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Philip Hersh is gonna stick it to the “druggies”

Nov 28, 2012, 3:33 PM EDT

If I made up a fake Twitter account in order to parody Hall of Fame voters who oppose PED users being inducted, it wouldn’t be anywhere near as good as the real one run by Philip Hersh of the Chicago Tribune.

He’s an Olympic reporter, by the way. Hasn’t covered baseball since some of you have been born.  But once you get your BBWAA card and hold it for ten years you get a Hall of Fame vote for life. And you can use it any way you want.

Hersh is using it like this:

Which is his prerogative. Just as it’s the BBWAA’s prerogative to allow a person who has covered ice skating, downhill skiing and the like since 1987 to continue to vote on the Hall of Fame while it makes hard-working baseball writers who cover games for a living wait ten years after membership before getting the privilege. Phil Hersh: do your worst. Marc Carig, Adam Kilgore and Zach Levine: wait in line.

But it also must make some of the Hall of Fame voters mad that he treats a process which most of them take seriously as some sort of vindictive lark. And that’s true even if they ultimately get to the same place Hersh does.

  1. Stacey - Nov 28, 2012 at 3:42 PM

    I was having a conversation with some writer friends of mine last weekend about this issue. It’s ridiculous that writers who stopped covering baseball a long time ago still get to vote on who gets to go into the Hall and that the only way to get rid of them is basically to wait for them all to die off.

    That’s pretty sad when you think about it.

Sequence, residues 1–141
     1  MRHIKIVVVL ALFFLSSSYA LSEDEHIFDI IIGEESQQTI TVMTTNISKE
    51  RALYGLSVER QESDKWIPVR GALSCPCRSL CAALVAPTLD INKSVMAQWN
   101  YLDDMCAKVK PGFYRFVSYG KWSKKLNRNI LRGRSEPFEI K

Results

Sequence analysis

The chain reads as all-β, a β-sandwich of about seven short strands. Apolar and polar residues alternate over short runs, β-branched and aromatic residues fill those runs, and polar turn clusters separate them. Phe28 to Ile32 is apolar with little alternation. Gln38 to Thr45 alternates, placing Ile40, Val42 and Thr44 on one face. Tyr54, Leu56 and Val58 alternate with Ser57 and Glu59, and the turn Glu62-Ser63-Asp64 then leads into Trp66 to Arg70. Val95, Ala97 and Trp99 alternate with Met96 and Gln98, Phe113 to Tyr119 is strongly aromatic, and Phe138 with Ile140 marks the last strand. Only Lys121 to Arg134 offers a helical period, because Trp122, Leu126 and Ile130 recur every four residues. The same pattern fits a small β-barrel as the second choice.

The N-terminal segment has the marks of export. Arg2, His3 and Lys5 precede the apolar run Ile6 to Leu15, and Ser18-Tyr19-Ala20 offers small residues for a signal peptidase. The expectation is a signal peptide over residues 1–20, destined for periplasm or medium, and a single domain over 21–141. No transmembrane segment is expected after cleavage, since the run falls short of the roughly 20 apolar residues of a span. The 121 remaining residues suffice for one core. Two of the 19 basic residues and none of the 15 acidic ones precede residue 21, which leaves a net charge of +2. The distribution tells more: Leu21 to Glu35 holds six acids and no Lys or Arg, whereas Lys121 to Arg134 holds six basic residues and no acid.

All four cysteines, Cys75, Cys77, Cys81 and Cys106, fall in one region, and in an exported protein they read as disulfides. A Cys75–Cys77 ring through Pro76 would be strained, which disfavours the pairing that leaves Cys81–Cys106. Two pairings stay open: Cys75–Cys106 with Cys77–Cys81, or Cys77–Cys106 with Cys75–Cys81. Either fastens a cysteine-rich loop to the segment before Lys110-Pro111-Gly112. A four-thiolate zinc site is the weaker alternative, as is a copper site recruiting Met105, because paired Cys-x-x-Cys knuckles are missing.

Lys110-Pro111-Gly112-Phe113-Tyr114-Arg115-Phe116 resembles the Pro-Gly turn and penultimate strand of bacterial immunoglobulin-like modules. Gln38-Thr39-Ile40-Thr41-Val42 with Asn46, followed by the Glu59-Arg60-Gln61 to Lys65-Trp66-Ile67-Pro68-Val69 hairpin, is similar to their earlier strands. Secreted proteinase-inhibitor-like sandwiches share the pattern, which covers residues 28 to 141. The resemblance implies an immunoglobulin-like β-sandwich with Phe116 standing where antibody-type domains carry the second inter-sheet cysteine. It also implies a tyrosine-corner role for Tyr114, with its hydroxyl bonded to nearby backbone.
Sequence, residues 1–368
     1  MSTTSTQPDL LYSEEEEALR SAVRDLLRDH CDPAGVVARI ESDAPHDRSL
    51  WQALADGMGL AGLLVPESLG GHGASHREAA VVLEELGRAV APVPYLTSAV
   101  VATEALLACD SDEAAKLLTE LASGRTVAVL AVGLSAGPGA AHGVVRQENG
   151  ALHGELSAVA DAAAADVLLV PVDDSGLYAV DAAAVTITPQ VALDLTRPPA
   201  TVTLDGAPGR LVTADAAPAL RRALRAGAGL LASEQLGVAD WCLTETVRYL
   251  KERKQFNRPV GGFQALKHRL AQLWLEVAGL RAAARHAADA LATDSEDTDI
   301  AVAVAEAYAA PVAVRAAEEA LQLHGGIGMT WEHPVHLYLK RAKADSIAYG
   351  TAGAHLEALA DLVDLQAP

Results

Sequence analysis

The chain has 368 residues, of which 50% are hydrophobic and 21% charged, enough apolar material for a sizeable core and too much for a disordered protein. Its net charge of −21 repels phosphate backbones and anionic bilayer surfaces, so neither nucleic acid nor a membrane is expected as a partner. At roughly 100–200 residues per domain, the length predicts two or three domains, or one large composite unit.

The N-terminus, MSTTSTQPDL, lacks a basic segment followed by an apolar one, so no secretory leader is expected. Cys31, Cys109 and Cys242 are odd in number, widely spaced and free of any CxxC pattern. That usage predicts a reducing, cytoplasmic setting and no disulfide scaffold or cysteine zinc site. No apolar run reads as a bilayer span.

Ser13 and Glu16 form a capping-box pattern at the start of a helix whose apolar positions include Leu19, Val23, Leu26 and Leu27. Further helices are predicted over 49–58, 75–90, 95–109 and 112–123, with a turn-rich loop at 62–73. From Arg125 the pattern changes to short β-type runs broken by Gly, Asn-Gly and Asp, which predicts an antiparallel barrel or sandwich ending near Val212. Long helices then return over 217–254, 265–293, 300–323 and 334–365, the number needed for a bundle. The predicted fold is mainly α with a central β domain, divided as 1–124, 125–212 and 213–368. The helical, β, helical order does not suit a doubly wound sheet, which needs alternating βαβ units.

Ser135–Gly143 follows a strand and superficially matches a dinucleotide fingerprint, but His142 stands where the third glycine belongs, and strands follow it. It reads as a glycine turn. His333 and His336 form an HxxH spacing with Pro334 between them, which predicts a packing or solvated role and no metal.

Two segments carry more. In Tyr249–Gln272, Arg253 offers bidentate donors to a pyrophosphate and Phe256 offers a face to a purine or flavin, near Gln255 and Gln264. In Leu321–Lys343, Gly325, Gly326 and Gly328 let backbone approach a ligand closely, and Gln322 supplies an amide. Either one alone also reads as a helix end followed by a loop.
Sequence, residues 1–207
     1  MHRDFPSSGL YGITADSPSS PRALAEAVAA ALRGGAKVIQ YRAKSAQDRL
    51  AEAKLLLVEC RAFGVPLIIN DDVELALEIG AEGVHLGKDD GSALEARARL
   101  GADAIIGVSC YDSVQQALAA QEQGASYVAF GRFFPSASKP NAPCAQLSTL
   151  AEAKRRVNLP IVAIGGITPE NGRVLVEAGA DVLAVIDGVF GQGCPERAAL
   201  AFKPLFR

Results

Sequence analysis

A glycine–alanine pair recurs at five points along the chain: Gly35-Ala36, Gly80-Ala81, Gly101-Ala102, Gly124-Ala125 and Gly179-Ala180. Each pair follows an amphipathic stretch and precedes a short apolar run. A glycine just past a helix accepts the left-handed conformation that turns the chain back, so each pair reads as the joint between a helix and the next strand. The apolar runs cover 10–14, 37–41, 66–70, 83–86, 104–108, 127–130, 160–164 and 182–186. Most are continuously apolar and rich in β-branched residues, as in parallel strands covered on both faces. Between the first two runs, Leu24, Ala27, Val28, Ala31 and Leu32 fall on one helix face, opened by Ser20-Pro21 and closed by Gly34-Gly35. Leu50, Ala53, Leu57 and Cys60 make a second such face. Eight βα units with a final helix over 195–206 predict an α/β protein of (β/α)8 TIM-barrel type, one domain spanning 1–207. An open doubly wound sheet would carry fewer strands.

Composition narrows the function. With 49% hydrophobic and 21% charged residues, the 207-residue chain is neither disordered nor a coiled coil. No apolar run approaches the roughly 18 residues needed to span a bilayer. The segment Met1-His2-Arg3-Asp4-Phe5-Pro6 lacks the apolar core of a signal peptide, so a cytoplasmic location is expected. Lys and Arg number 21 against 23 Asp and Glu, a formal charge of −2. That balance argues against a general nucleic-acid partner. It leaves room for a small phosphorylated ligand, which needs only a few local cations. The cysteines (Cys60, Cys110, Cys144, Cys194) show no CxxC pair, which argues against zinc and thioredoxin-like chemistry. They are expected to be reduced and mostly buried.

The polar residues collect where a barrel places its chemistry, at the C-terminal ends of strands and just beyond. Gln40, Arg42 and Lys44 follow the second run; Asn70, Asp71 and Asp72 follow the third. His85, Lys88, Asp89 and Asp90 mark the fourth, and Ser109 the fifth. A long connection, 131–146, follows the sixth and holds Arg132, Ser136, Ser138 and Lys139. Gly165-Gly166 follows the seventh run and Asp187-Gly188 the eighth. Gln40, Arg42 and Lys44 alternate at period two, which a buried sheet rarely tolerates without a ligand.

2. sictransitchris - Nov 28, 2012 at 3:46 PM

    This guy seems like a real d-bag.

  3. a125125125 - Nov 28, 2012 at 3:49 PM

    You don’t see the logic in letting a former writer vote on the status of former players? Should someone that has been covering a team since 2007 really decide the fate of players that retired before they started working?

    You can agree or disagree with how this particular guy uses his ballot…..but the process for earning a Hall of Fame vote seems pretty logical. But feel free to watch as Craig kicks his feet and whines that his buddies don’t get to vote…..because new baseball writers are SOOO much smarter than old baseball writers.

    • banksatdixie - Nov 28, 2012 at 4:03 PM

      I believe that you are the one kicking your feet and whining, since you took the time to read it and then comment.

      You, sir, are a boner.

    • Alex K - Nov 28, 2012 at 4:12 PM

      The problem, as I see it, is that they never lose the vote. The process to obtain a vote does make sense, but for that vote to be theirs forever doesn’t.

    • bgeary8 - Nov 28, 2012 at 4:34 PM

      I think you missed the point (or maybe I did). But it seems to me that Craig’s biggest complaint is that someone who doesn’t take his ballot seriously is allowed to keep voting. That he no longer covers baseball just adds fuel to the fire.

    • jm91rs - Nov 28, 2012 at 4:54 PM

      If Craig’s comments are true that the guy hasn’t covered baseball since 1987 then all of these guys he’s not voting for were rookies or sophomores when he stopped covering. His knowledge of those players is no better than an average fan.

      I understand waiting 10 years to give them the privilege of voting. Then at the least the person has seen 5 years of playing time on the eligible players. Letting them keep the vote until they die seems a little silly.

    • larrytsg - Nov 28, 2012 at 7:33 PM

      I guess using your logic, we should let Phil vote on players who didn’t debut until AFTER he stopped covering baseball…..

  4. stex52 - Nov 28, 2012 at 3:53 PM

    C’mon Craig! Give the guy a break! It’s tough being the Guardian of All That is Right and True. /sarcasm

  5. uwsptke - Nov 28, 2012 at 3:59 PM

    And I woulda gotten away with it to, if it hadn’t been for you meddlin’ kids!